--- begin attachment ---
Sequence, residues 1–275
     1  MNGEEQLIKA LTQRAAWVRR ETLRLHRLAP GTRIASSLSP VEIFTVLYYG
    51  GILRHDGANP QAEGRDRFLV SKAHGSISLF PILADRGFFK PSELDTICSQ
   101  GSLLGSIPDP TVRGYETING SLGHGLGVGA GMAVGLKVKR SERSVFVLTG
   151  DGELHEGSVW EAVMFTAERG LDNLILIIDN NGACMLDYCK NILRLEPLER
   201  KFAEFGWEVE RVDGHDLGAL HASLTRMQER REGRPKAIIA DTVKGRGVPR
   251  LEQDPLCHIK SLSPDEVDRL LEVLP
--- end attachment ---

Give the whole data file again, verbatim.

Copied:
Sequence, residues 1–275
     1  MNGEEQLIKA LTQRAAWVRR ETLRLHRLAP GTRIASSLSP VEIFTVLYYG
    51  GILRHDGANP QAEGRDRFLV SKAHGSISLF PILADRGFFK PSELDTICSQ
   101  GSLLGSIPDP TVRGYETING SLGHGLGVGA GMAVGLKVKR SERSVFVLTG
   151  DGELHEGSVW EAVMFTAERG LDNLILIIDN NGACMLDYCK NILRLEPLER
   201  KFAEFGWEVE RVDGHDLGAL HASLTRMQER REGRPKAIIA DTVKGRGVPR
   251  LEQDPLCHIK SLSPDEVDRL LEVLP